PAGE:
Department of Chemistry
About Us Contact Us Diversity Action Plan Employment Opportunities Facilities Newsletter Safety Support Chemistry at Towson
Awards Career Planning Research Opportunities SAACS Club Scholarships Tutoring
Full-Time Faculty Part-Time Faculty Staff
Chemistry Major (BS) MB3 - Biochemistry Track (BS) Forensic Chemistry (BS/MS) Environmental Science (BS/MS) Chemistry Education (BS/MS) Chemistry Minor Pre-Pharmacy Departmental Honors Program
Faculty Mentors Research Activities

Ryan E. Casey

Professor
Environmental Chemistry

Office: 561 Smith
Phone: (410)704-3051
E-mail: racasey@towson.edu

Website: http://pages.towson.edu/racasey

Education B.S. Chemistry (1995) Virginia Tech, cum laude
Ph.D. Environmental Toxicology (1999) Clemson University
Postdoctoral Associate (2000) Clemson University
Teaching Introduction to Environmental Chemistry (CHEM 104)
General Chemistry I,II (CHEM 110/111)
Chemical Toxicology (CHEM 480/580)
Environmental Chemistry (ENVS 602)
Research My research involves quantifying biogeochemical processes at the interface between terrestrial and aquatic systems. Currently I am focusing on quantifying major and trace element fluxes from urban impervious surfaces (e.g. roads, parking lots) into storm water retention ponds. We are investigating the role of road salt and stormwater ponds in the long term salinization of surface waters in this region. Other studies have shown that Cl- levels are increasing in area streams draining impervious surfaces and have predicted that if this increase continues, sensitive organisms may be eliminated from these waters due to salt stress. We hypothesize that stormwater ponds introduce significant quantities of road salt into the subsurface where it can slowly migrate to surface waters throughout the course of the year. We are also evaluating changes in cation distribution that occur during salinization and the potential impacts those changes have on trace metal bioavailability and biota in stormwater ponds.

Recently we have also investigated the relative importance of sediment and biofilm for uptake of trace elements into larval amphibians. These organisms graze on biofilms and co-ingest sediments, both of which may be contaminated in stormwater ponds and other sites. This work addresses the question of whether ingested biofilm is as important as ingested sediment in trace element accumulation. Results to date indicate the biofilm is an important consideration for the accumulation of As and Se, while sediment is the dominant source for Cr and Ni.
Selected Publications
  1. Simon, J.A., J.W. Snodgrass, R.E. Casey, S.A. Atueyi, D.W. Sparling “Relationships among land cover and amphibian use of constructed wetlands” Landscape Ecology, accepted.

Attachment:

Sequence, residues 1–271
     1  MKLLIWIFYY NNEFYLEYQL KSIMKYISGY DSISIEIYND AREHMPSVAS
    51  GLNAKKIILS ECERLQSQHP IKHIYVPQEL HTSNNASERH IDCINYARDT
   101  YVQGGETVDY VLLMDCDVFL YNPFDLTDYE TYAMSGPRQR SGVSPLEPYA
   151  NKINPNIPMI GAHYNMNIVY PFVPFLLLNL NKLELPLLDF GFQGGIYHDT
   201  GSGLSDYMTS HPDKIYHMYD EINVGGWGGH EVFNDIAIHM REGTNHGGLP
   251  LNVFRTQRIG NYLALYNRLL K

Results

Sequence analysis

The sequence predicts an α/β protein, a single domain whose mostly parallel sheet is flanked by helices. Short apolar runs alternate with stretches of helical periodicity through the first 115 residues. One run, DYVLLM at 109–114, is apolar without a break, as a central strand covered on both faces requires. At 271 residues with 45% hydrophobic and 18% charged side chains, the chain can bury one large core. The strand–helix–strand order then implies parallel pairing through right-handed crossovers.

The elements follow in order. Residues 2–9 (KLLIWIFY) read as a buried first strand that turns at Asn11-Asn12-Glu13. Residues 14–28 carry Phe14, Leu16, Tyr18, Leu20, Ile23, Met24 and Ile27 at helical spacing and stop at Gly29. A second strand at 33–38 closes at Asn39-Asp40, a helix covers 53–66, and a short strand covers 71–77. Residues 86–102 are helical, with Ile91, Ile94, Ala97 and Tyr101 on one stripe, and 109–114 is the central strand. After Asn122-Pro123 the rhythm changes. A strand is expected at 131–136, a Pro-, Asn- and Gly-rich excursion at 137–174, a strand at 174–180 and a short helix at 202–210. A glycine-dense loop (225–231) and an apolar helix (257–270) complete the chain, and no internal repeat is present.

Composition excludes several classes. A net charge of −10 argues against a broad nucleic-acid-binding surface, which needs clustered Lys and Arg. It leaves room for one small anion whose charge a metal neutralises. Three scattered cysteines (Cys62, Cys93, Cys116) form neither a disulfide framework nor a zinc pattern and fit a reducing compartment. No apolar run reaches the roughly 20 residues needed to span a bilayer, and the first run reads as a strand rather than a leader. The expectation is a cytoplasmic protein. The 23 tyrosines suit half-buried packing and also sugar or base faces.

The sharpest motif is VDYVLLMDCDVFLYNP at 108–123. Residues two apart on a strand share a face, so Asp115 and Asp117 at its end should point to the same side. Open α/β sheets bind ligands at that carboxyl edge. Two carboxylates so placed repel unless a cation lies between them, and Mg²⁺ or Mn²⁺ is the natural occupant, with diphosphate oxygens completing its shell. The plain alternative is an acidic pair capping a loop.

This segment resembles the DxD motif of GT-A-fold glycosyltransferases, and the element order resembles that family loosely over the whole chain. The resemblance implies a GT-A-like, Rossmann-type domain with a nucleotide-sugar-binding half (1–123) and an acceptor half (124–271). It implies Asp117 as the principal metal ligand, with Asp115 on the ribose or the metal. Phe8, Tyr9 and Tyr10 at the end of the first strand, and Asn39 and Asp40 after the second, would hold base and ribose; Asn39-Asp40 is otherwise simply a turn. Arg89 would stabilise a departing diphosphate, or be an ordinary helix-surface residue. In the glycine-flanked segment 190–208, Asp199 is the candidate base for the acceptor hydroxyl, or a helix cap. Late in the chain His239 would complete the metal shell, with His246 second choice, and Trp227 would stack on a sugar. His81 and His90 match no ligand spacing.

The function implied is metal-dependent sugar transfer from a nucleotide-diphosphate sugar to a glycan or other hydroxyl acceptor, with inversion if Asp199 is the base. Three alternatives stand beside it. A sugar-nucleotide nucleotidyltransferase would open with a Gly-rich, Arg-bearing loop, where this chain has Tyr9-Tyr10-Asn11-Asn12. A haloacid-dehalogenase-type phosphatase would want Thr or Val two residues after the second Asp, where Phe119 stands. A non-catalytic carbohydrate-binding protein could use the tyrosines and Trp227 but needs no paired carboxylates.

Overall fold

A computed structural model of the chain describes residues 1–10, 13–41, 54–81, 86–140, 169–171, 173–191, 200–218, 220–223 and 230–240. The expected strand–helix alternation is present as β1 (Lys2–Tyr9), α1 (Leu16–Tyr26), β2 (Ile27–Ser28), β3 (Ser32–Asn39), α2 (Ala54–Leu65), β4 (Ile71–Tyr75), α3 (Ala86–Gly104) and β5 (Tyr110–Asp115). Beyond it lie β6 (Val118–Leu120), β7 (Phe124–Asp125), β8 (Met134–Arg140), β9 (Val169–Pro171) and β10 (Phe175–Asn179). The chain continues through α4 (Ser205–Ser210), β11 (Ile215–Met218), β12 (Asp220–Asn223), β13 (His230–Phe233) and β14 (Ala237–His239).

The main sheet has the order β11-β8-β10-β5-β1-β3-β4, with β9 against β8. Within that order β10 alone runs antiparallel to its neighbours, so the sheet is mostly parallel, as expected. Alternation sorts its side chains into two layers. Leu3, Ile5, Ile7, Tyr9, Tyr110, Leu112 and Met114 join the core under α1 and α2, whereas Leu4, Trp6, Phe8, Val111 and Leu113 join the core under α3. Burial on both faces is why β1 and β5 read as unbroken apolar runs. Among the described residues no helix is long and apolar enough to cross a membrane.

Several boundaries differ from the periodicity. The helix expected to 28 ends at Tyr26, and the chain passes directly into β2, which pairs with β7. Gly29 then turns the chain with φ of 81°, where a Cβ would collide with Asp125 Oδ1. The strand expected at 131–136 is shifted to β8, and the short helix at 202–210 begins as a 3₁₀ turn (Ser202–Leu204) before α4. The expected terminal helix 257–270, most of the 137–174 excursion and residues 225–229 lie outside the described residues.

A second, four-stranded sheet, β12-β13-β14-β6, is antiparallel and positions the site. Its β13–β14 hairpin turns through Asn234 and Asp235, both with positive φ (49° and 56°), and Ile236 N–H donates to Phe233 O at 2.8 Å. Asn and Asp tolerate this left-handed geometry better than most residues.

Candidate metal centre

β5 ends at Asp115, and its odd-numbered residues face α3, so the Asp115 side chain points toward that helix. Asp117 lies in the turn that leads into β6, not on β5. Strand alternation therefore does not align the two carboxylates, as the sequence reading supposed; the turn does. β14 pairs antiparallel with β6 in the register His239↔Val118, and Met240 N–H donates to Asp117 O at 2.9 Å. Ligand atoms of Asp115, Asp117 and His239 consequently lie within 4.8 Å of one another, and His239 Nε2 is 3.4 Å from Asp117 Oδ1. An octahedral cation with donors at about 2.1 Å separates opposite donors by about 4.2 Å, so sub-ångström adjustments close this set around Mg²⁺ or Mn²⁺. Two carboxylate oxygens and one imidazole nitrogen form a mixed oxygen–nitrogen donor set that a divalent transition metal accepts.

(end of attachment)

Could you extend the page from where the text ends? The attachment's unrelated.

2. Snodgrass, J.W., J. Simon**, R.E. Casey “Ecotoxicology of Amphibians and Reptiles in Urban Environments: A Review of Potential Exposure Routes and Bioaccumulation” In: Urban Herpetology: Ecology, Conservation and Management of Amphibians and Reptiles in Urban and Suburban Environments. Herpetological Conservation 3, Society for the Study of Amphibians and Reptiles: Salt Lake City, UT. R.E. Jung and J.C Mitchell, eds. in press
  3. Snodgrass JW, RE Casey, D Joseph*, JA Simon** “Microcosm investigations of stormwater pond sediment toxicity to embryonic and larval amphibians: Variation in sensitivity among species” Environ. Pollut. 2008, 154, 291-297. Link to Full Article
  4. Massal, L.R.**, J.W. Snodgrass, R.E. Casey “Nitrogen pollution of stormwater ponds and amphibian habitat value” Applied Herpetology. 2007, 4, 19-29. Link to Full Article
  5. Casey, R.E., J.A. Simon**, S. Atueyi*, J.W. Snodgrass, N. Karouna-Renier, D.W. Sparling “Temporal Trends of Trace Metals in Sediment and Invertebrates from Stormwater Management Ponds” Water Air Soil Pollut. 2007, 178, 69-77. Link to Full Article
  6. Casey, R.E., F.A. Pittman “Intermolecular forces as a key to understanding the environmental fate of organic xenobiotics” J. Chem. Ed. 2005, 82, 260-264.
  7. Casey, R.E., M.D. Taylor, S.J. Klaine, “Localization of denitrifying activity in preferential flow pores in a riparian wetland”, Soil Biol. Biochem. 2004, 36, 563-569. Link to Full Article
  8. Casey, R.E., M.D. Taylor, S.J. Klaine, “Mechanisms of nutrient attenuation in a subsurface flow riparian wetland”, J. Environ. Qual. 2001, 30, 1732-1737. Link to Full Article
  9. Casey, R.E. and S.J. Klaine, “Nutrient attenuation by a riparian wetland during natural and artificial runoff events”, J. Environ. Qual. 2001, 30, 1720-1731. Link to Full Article

Faculty & Staff

Department of Chemistry
Smith Hall 543
Towson University
8000 York Road
Towson, MD 21252